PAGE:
I was taught that hydrogen merged with oxygen is a highly explosive mixture, and after the explosion, the water is the outcome. But nothing like this happens in the Wizard Nebula that surrounds the young open cluster NGC7380. The surrounding nebula spans an angle of 25 arc minutes, so it is similar in size to the apparent Moon diameter. But it is extremely difficult to observe visually. It requires both dark sky and some nebula filter (O-III filter works well). The nebula itself is known as Sh2-142 in the Sharpless catalog. This complex is located about 8,500 light-years away from us.

NGC7380 Wizard nebula narrowband and RGB

I collected subframes to this image in September last year and processed it also quite a long time ago. Although NGC7380 Wizard Nebula is quite difficult to catch visually, it is a magnificent target for astrophotographers. It looks well in widefield images, where it is floating among the stars. Even using a 100mm telephoto lens it still looks amazing, and the bonus is that neighboring emission nebulae can be also recorded. But if your imaging setup filed of view is smaller or very small, then Wizard may fill it completely and you can see all the detailed features of this nebula. Even if you have 2-meter focal length telescope and a small chip camera, there are still plenty of interesting fragments of the nebula, but you need to examine other images before and select the area of interest.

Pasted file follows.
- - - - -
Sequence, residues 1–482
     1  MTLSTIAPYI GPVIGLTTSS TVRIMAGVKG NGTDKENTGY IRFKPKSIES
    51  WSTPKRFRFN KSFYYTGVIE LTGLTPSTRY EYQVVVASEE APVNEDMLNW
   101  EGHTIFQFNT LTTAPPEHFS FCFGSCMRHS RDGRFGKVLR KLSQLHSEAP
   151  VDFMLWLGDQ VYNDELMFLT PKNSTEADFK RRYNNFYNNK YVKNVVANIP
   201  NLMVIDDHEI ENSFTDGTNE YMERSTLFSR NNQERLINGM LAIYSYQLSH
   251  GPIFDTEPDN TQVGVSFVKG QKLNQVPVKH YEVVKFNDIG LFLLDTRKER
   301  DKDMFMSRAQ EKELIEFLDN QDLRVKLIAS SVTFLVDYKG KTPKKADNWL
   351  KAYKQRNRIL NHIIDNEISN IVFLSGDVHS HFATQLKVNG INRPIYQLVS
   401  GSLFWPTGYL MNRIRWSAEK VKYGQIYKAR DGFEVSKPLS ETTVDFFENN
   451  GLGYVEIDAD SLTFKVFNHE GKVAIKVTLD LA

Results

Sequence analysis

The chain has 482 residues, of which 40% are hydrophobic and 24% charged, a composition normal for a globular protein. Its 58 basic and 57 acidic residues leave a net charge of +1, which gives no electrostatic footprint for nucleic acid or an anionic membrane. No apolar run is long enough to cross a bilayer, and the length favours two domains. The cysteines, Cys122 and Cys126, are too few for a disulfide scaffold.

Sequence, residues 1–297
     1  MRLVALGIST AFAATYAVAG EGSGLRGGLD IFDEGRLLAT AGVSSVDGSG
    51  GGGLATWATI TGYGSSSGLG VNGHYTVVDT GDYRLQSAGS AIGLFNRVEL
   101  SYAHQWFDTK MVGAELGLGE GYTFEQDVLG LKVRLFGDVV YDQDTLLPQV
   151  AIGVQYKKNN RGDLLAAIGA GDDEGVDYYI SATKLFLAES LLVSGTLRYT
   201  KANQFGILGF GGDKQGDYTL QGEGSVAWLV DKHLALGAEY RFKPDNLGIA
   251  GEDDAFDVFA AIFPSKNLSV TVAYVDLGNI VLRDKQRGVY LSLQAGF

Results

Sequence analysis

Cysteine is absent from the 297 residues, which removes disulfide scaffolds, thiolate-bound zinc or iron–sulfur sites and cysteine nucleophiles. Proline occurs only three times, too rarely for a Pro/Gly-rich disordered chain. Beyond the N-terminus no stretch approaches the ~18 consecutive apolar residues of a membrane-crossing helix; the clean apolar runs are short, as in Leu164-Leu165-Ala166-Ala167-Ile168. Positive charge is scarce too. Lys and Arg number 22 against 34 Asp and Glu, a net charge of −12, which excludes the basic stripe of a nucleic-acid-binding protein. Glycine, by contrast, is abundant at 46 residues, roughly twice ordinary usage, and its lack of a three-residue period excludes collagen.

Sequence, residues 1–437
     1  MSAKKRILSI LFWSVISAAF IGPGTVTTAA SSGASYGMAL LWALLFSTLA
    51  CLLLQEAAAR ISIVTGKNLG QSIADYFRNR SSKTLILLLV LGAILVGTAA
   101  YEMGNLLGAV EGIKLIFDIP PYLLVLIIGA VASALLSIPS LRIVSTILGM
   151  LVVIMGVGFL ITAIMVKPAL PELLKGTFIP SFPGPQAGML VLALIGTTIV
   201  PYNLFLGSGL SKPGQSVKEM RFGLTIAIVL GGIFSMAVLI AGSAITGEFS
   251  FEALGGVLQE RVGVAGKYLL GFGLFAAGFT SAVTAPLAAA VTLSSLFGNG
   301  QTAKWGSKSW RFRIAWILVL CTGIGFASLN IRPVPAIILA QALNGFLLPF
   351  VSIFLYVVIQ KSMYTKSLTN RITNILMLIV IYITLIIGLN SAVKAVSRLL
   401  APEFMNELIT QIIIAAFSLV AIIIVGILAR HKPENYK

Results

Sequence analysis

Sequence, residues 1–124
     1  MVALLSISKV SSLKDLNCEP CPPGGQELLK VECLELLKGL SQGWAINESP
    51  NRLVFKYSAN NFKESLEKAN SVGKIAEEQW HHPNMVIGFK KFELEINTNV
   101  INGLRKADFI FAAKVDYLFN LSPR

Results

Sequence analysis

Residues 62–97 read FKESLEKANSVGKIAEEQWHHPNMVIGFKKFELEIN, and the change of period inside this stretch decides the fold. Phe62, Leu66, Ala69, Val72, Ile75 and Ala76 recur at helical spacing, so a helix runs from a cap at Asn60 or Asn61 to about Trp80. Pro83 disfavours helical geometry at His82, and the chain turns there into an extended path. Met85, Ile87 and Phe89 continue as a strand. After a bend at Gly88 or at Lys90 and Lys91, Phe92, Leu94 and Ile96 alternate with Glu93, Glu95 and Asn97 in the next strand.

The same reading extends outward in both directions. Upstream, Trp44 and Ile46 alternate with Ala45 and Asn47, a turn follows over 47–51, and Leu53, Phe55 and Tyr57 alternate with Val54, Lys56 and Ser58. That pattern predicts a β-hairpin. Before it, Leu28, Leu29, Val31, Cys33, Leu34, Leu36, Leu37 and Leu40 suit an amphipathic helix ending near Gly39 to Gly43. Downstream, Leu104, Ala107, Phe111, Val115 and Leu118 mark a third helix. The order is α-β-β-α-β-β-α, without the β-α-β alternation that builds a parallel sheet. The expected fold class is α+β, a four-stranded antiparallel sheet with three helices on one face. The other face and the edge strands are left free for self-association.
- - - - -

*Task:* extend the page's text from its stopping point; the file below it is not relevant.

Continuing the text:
The image above is a composite of RGB subframes (stars come from those), and narrowband images recorded in hydrogen alpha and oxygen-iii bands. Seeing was good during those nights, so a decent amount of detail is visible across the nebula and NGC7380 star open cluster complex. Narrowband filters allow capturing nice images under the moderately light-polluted sky, but the target list for such filters is limited to emission nebulae only (planetary as well. but these are also emission).

The image below is hydrogen-alpha channel only.

NGC7380 Wizard nebula
Image technical data:

Date: 20-23 September, 2020
Location: Nieborowice, Poland
Telescope: Meade ACF 10"
Corrector: AP CCDT67
Camera: QHY163M, gain 100
Mount: SW EQ6
Guiding: Evostar 72 + ASI290MM
Exposure: Ha 200x2 minutes, Oiii 120x2 minutes, RGB 120 minutes
Conditions: seeing good, transparency medium